TFC Blog: New advice on diversification for tenant farmers in Scotland
Scottish tenant farmers, who are planning to diversify into areas such as tourism or renewable energy, can now get advice on their rights from a new guide that we published this month.
Already more than half of farms in Scotland have diversified into areas ranging from camp sites and glamping pods, to wind turbines and farm shops, and these generate significantly more income each year than those that haven’t diversified, according to the Scottish Government Farm Business Income Estimates report (2017-18).
As farm subsidies reduce, post Brexit, I think this trend is set to continue as farmers look for ways to enhance their livelihoods.
Climate change – and making more innovative use of land to mitigate its impacts – will also likely be a driver to greater diversification.
In Scotland, there is no limit on the amount of the holding that can be used for diversification, provided tenant farmers follow the correct procedures and get their landlord’s consent to their plans.
Prior to the 2003 Agricultural Holdings (Scotland) Act, the ability of tenants of agricultural holdings to engage in diversification was limited.
However, the 2003 Act established the right of tenants of 1991 Act secure tenancies, Limited Duration Tenancies, Modern Limited Duration Tenancies and Repairing Tenancies to diversify, as long as the correct procedures are followed.
The law sets out a clear timetable for any tenant farmer seeking to get their landlord’s permission to diversify part – or all – of their holding.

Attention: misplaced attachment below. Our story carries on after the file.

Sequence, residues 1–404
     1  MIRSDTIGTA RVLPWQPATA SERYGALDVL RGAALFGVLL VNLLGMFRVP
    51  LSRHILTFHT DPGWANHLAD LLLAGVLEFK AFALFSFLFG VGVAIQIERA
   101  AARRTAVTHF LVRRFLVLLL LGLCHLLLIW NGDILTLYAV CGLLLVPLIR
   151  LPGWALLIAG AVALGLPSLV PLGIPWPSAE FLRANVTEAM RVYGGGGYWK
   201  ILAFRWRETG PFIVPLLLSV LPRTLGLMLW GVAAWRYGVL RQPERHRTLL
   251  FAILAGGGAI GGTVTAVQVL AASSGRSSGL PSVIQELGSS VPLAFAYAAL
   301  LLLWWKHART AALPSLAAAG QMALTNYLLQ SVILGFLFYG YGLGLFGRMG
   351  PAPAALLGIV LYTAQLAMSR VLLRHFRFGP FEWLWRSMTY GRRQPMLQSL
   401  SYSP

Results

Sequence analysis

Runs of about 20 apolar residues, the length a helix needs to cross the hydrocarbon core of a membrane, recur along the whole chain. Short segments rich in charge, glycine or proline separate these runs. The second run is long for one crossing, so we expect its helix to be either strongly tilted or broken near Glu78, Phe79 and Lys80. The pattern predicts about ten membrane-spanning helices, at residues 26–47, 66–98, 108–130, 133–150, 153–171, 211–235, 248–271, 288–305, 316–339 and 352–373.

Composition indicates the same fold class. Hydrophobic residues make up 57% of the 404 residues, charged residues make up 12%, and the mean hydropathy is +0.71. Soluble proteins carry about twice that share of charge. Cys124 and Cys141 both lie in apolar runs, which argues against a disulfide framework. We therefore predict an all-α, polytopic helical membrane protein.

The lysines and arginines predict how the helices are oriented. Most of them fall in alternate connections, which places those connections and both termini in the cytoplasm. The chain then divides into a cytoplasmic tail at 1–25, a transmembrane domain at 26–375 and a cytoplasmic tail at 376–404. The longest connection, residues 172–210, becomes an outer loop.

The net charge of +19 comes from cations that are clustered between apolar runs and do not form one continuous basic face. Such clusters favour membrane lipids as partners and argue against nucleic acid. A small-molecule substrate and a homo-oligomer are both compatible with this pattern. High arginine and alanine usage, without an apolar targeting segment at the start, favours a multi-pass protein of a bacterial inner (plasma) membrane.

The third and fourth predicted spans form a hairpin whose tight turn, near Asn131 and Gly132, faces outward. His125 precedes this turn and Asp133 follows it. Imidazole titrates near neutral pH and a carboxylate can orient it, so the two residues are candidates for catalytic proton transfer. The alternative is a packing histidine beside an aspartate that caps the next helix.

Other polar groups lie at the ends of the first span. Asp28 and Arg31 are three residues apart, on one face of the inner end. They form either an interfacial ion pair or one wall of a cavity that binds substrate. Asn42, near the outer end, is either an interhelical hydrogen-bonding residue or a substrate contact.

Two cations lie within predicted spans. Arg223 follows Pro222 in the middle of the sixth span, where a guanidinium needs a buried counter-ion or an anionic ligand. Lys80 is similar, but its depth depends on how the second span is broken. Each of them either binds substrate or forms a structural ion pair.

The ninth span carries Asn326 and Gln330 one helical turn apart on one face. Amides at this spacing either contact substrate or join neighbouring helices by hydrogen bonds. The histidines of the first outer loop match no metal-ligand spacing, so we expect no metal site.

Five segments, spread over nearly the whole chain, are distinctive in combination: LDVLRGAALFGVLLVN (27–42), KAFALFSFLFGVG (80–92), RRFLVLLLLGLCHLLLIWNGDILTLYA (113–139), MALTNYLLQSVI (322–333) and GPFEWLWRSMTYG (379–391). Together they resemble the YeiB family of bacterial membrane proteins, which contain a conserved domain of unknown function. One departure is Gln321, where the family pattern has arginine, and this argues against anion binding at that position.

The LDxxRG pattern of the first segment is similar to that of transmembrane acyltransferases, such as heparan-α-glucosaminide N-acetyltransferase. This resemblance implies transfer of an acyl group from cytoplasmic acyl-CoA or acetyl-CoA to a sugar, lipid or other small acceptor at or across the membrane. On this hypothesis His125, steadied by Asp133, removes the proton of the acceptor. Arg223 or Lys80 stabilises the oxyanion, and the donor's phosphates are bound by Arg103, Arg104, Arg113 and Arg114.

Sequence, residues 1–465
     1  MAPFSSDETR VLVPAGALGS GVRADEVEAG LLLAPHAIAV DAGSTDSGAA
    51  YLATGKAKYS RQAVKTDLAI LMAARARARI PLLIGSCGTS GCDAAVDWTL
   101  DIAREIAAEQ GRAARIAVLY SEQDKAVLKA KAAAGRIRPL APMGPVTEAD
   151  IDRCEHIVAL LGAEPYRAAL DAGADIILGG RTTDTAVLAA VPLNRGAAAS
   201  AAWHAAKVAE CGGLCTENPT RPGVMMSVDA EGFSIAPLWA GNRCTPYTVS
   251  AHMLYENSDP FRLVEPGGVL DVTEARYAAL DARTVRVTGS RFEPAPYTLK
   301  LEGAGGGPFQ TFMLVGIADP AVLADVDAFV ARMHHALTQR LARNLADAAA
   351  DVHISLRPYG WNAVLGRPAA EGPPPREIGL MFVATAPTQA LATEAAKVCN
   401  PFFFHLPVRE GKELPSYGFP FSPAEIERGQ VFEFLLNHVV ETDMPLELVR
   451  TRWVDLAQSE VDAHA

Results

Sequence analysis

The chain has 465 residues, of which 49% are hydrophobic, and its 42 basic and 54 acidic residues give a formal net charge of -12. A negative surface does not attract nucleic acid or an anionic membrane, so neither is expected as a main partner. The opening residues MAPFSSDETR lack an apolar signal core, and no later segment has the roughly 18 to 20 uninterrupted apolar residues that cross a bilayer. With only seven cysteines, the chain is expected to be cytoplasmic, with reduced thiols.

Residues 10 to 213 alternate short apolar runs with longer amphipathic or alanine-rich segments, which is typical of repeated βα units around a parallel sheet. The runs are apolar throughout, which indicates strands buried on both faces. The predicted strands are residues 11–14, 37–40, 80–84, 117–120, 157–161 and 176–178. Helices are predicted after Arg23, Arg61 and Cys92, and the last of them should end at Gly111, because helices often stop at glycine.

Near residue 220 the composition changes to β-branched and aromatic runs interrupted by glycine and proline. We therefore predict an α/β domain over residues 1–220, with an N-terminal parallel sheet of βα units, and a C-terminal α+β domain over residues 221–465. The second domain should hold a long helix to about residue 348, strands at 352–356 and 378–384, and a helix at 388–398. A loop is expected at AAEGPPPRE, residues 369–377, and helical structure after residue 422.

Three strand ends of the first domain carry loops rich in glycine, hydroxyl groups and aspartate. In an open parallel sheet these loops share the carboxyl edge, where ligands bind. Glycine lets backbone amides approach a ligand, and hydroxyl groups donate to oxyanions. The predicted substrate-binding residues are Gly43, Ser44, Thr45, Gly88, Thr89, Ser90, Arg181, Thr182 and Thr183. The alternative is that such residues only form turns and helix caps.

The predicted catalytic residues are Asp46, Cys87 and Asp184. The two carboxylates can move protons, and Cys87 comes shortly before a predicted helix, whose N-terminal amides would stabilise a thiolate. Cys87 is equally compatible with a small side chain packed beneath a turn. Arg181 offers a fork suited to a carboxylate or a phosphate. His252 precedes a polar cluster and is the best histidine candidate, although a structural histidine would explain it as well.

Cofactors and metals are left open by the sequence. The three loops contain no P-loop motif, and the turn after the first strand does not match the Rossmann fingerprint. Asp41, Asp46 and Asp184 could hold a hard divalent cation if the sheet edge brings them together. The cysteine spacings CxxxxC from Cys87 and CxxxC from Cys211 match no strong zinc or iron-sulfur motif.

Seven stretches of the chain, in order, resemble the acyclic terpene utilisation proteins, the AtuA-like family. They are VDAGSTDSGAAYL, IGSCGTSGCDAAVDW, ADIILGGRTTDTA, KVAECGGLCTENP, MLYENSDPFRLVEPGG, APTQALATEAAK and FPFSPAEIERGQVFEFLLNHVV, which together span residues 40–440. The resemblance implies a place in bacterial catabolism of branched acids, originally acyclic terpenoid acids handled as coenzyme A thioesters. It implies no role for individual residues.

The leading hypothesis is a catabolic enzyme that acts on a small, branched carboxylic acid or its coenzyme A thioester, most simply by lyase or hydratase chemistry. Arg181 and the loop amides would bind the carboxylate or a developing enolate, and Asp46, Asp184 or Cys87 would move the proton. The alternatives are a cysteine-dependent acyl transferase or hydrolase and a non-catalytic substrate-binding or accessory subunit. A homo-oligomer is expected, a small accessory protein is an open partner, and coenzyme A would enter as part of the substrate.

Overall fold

While tenants must send their landlord a formal ‘notice of diversification,’ an initial discussion is often the best way to kick start the process, enabling both parties to agree on how the project should proceed.
Our new guide also sets out what should happen at the end of the lease.
Diversification may have increased the value of the holding and in these cases, provided the correct process has been followed, compensation may be due to the tenant. Equally the reverse may be the case, if the value of the land has been reduced by the diversification.
Diversifying can be profitable and straightforward – provided tenants and landlords agree the scope of the diversification up front and follow the correct process.
To download the new guide visit landcommission.gov.scot/tenant-farming. The new guide does not cover diversification through tree planting; this is the subject of separate guidance which can be found here.